Columbia is gorgeous, but it’s no Rapture. In Rapture you always felt the pressure of all that water above you. Despite Infinite’s preponderance of blimps and balloons and the ability to hurl enemies to their doom, you’ll occasionally forget that these shoot-outs are occurring at 15,000 feet. Also the turn-of-the-century aesthetic might be unique for a first-person shooter, but it looms larger both in real life and in pop culture than Bioshock’s art deco pizzazz. Columbia cuts a sharp figure, with its brass eagles and crisp red, white and blue flags flapping in the wind, but it isn’t as entrancing as Rapture’s sleek curves or its warm neon glowing through the murk.
The biggest problem with Columbia is that it never really feels alive, even at the start, when it’s still full of normal people peacefully living their lives. These citizens feel stiffer and more robotic than the Founding Father robots that come to life and try to kill you like the automatons from Itchy and Scratchy Land. Later, when you descend into Finkton, you encounter human suffering ripped straight from Jacob Riis photos, with broken adults and starving children begging for hand-outs while singing sad gospel blues. They repeat their canned motions in perpetuity like the prisoners reaching for the dog’s keys in the Pirates of the Caribbean ride.
Columbia springs most fully to life when you’re killing things. I appreciate the slower and more methodical pace of Infinite’s combat, which, like Bioshock, consists of juggling between a variety of firearms and several different magical abilities that have a drastic impact upon the enemy. Whipping brigands into the air with a vigor and then shooting them down with a shotgun like a clay pigeon is as fun the hundredth time as it is the first, and uncovering the most potent combinations of vigors is one of the game’s more useful and understated quests. Battles quickly grow repetitive, though, with the same handful of enemy types constantly popping up. Platoons of gunmen wield variations on your own weapons, and special enemies have clear analogues in the original Bioshock. Some opponents can teleport in a burst of crow feathers like the cultists from the original, while the lumbering cyborg Handymen are a less frightening and less poignant take on the Big Daddy. Battles too often take place in large open areas, and whenever you first enter a spacious lobby or town square you know a battle’s a-brewing. The pacing is deliberate but it quickly becomes as predictable as the non-stop rush of a Call of Duty.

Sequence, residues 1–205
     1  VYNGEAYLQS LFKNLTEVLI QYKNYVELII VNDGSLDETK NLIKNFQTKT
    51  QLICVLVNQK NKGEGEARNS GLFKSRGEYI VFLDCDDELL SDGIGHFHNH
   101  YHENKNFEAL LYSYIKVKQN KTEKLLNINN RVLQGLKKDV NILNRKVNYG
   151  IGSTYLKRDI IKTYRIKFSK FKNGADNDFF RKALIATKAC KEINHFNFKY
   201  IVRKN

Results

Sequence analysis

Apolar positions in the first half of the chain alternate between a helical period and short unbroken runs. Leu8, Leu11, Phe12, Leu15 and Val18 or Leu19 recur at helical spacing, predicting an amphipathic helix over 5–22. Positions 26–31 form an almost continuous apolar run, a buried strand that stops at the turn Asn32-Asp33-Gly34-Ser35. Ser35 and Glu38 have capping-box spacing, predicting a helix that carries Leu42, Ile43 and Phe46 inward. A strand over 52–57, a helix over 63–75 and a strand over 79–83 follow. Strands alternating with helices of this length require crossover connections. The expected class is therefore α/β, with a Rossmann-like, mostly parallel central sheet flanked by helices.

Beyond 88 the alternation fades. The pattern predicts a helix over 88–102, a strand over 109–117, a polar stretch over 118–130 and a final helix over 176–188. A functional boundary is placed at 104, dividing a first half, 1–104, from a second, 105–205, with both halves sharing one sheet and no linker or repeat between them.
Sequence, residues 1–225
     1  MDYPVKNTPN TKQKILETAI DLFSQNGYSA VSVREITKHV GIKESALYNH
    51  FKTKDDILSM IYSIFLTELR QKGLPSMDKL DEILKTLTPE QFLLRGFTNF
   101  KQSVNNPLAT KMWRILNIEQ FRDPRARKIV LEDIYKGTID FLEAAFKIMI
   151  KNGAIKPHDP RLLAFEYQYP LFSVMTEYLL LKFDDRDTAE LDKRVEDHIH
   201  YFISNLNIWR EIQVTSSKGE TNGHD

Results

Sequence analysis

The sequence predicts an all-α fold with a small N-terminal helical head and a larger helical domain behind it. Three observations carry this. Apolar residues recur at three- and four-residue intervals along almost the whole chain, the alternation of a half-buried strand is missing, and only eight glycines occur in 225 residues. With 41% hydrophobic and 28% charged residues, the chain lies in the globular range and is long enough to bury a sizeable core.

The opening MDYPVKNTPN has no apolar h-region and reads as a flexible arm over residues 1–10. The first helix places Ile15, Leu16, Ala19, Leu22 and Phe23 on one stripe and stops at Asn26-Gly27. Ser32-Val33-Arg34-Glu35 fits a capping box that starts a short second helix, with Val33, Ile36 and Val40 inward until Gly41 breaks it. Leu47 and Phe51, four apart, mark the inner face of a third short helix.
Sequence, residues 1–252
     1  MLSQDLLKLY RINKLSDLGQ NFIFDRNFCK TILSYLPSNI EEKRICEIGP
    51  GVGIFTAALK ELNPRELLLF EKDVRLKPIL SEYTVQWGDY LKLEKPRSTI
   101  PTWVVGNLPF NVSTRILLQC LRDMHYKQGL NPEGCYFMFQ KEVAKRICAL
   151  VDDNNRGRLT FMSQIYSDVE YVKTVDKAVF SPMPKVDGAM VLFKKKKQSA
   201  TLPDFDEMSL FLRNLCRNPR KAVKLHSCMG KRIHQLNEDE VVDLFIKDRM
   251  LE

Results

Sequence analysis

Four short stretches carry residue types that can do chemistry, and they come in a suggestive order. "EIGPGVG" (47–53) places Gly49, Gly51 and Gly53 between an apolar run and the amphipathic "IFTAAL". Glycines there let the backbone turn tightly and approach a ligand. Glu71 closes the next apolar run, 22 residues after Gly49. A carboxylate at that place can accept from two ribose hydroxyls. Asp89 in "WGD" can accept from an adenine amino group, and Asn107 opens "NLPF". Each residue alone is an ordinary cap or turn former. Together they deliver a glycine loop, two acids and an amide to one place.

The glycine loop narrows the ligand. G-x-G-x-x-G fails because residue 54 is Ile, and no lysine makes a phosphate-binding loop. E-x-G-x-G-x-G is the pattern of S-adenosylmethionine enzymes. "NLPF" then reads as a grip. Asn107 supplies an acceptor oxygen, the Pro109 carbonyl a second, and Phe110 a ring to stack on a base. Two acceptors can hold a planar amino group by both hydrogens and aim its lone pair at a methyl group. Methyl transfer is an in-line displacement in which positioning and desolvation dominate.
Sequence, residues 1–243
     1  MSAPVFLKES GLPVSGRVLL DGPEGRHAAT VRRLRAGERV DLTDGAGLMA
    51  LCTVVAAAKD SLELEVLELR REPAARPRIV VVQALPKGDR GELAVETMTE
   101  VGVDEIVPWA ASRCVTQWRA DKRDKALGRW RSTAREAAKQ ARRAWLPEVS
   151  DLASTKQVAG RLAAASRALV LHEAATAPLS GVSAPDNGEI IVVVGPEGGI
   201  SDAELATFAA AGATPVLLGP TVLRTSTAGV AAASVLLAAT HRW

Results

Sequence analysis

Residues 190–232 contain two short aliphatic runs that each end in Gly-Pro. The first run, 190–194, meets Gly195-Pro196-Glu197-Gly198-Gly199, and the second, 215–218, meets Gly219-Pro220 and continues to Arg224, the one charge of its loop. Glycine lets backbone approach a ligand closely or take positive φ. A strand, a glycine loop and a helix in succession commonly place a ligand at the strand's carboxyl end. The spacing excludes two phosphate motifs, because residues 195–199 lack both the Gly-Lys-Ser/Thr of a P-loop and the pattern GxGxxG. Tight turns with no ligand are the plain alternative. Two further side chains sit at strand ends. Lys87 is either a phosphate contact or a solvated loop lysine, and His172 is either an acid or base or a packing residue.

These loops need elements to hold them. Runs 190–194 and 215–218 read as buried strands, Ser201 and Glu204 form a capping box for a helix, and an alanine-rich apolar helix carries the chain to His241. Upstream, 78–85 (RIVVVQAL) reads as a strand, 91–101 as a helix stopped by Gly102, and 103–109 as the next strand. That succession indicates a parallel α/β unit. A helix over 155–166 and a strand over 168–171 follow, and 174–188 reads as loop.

It’s also very difficult to die when you have Elizabeth by your side. She’s a one-woman support unit, combining the tasks of both a medic and an engineer. She doesn’t fight, but she does toss out ammo or health packs when needed, and can create weapon installations and defensive cover on certain spots on the map. I died a few times during one particular fight, but for the most part Elizabeth keeps Booker alive during most battles.
Story-wise Elizabeth is crucial to Infinite, and Levine told me that one of his main goals with the game was for players to “make an emotional connection” with her. Liz is a nice girl (there might be a bit too much Disney princess / Manic Pixie Dream Girl in her), and voice-actor Courtnee Draper gives a nicely naturalistic performance, but it’s hard to get too misty-eyed over a character that’s essentially part plot device and part walking loot drop. If special feelings for Elizabeth are the key to Infinite, then Irrational didn’t quite pull off what it was trying to.
You’ll want to connect to Elizabeth, though. You’ll want to see the end of her story, and what debts could be so significant that Booker would go to such extreme lengths to rescue her. You’ll trudge through shoot-outs well after they grow tiresome to learn the history of Columbia and its cultic leader, the self-proclaimed prophet Zachary Hale Comstock (who pales in comparison to Andrew Ryan). All those threads tie together into an awkward sci-fi tale that disappoints more with every revelation, embracing some of the most annoying pitfalls of time travel stories, and all wrapped around a metaphor for a self-evident fact about the very nature of videogames that’s presented as some kind of grand “a-ha!” moment. You’ll play forward for that special spark you expect from a Bioshock game, only to realize that that part of the template isn’t so easy to recreate.
Last week on Twitter I described Bioshock Infinite as a “shooting spree at Disney’s Main Street while Zooey Deschanel throws stuff at you”. I was maybe halfway through Infinite when I wrote that, and now that I’ve finished the game I can admit that there’s far more here than that bad joke indicates. There’s too much more. Bioshock Infinite is a game where the story comes first, and that story slowly contorts itself into a convoluted mess.
Garrett Martin edits Paste’s games section and reviews games for the Boston Herald and elsewhere. You can follow him on Twitter, if you’d like.